Lloyd Vogel (Matthew Rhys) sets out to write a character assassination against beloved children’s TV host Fred Rogers (Tom Hanks), and instead finds himself deconstructed under Rogers’ compassionate tutelage.
Who doesn’t love Fred Rogers?
Who is Fred Rogers, you say?
Who is Fred Rogers?
Fred Rogers is the beloved children’s television presenter, who hosted Mister Rogers’ Neighborhood from 1968 to 2001, which aimed to encourage children to be able to deal with big emotions. Yes, I know the tremendous irony of calling him beloved when we’ve already ascertained that I hadn’t heard of him. That’s because Fred Rogers to a British audience is what Barney Harwood, or Dick & Dom are to the US: completely unknown. So I suppose that lack of initial familiarity limits the enjoyment of the film somewhat.
Much of the film riffs off this sense of old-time nostalgia, as we are treated to recreations of the set from Mister Rogers’ Neighborhood, complete with what I assume is a familiar theme song, as well as multiple shots of the toy-town hustle and bustle, even when not within the confines of the filmed segments. I assume that this would strike a more poignant chord with somebody who is familiar with the original, but such is the power of Tom Hank’s portrayal as the genial Fred Rogers that you feel as if you have met him before.
A Beautiful Day in the Neighborhood is an adaptation of Tom Junod’s 1998 Esquire article “Can You Say…Hero?”. It breaks away from the traditional biopic of a celebrity that have come in swathes in the past couple of years (Judy, Rocketman, Bohemian Rhapsody…), by presenting the famous figure – Rogers – through a sceptic’s eyes. Lloyd Vogel (Matthew Rhys), who prides himself on being a “proper” journalist, is given what he considers a “puff piece” about heroes. The only hero on the list willing to have an interview with him is Fred Rogers, even though he is familiar with Vogel’s previous work, which generally results in character assassination. While Vogel is intent upon getting to the dark hidden truths behind Rogers, it turns out that there aren’t any. Instead, Vogel himself is examined by Rogers, unearthing his turbulent and fractured relationship with his estranged father (Chris Cooper, a fictional invention for this narrative) and the sceptic lens through which he lives his life. What Vogel finds in Rogers is somebody entirely genuine and utterly simplistic in their view of the world. Rogers has a brilliant quality of breaking life down to its simplest elements, to allow for the dealing of the trickier emotions that Vogel, in particular, struggles with. Throughout many simple and captivating conversations during the film, we see Vogel’s own viewpoint change as he learns to heal and forgive.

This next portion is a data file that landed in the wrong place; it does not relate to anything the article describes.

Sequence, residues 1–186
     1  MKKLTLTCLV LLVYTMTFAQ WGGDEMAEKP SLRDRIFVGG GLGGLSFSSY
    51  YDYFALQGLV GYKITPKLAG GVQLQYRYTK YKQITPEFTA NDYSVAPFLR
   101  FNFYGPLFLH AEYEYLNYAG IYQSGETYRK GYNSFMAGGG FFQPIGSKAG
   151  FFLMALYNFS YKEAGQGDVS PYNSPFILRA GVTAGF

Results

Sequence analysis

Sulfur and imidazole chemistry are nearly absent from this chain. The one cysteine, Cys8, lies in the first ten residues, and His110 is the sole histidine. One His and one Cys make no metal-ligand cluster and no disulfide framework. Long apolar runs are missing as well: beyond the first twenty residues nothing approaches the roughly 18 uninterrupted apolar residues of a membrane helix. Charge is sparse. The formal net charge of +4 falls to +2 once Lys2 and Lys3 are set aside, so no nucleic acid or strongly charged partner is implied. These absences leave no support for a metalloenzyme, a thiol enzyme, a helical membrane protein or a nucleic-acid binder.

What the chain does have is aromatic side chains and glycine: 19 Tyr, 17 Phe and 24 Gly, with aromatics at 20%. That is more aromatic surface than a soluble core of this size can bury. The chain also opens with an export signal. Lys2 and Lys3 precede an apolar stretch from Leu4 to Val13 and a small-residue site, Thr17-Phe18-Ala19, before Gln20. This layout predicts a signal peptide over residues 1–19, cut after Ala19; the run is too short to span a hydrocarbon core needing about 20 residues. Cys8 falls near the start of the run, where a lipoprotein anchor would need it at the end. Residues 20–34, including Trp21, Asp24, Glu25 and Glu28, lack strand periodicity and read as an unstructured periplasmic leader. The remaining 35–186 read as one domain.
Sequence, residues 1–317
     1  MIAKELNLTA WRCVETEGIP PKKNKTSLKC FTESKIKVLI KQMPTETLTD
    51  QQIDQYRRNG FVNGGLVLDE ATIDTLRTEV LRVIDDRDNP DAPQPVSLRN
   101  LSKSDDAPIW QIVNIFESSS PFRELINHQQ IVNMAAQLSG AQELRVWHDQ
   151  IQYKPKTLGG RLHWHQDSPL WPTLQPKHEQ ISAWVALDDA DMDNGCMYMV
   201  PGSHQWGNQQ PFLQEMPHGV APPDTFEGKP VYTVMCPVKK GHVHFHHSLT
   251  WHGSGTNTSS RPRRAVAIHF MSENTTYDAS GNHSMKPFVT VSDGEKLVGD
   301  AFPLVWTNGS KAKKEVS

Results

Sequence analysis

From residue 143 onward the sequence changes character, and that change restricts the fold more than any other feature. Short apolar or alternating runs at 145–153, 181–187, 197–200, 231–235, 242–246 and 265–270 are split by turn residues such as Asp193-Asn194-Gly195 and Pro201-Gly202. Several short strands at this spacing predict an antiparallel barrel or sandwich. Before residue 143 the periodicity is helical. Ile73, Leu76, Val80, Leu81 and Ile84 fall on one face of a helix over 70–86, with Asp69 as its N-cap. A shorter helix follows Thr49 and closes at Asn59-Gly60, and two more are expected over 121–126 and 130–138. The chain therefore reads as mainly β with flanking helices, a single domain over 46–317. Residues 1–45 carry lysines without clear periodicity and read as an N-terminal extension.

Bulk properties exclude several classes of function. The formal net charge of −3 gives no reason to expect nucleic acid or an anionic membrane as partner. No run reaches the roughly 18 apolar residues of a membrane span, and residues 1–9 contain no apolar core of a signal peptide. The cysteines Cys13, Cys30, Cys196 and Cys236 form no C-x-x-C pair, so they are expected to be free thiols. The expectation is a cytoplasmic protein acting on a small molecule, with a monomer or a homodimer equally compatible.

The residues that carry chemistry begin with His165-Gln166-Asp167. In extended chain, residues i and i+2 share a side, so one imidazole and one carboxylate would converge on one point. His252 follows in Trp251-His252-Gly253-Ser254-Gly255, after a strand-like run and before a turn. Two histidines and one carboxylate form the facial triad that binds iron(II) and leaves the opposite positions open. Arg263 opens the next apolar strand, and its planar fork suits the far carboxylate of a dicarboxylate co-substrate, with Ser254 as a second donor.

Heart warming and optimistic, this film is a delight from start to finish. With brilliant performances by both Rhys and Hanks, what could have been saccharine or over-sentimental is instead played as nuanced and entirely genuine. Casting Hanks, largely viewed as the most beloved actor in Hollywood, as a hugely beloved television presenter could not be more inspired, and he delivers an intentionally subdued and measured performance here, as the comforting and calm Rogers. The ability that Rogers shows in diffusing the more erratic and confrontational Vogel is captivating to watch, as Rogers strives to help and heal him. The heartfelt and earnest sentiments that are delivered through this film, of forgiveness, of acceptance and of dealing with big issues are incredibly relevant, even now, and seeing them spoken about with two men on the screen, especially in a culture which conditions men to repress their emotions, is incredibly powerful. We could all use a Fred Rogers, today and every other day of our lives.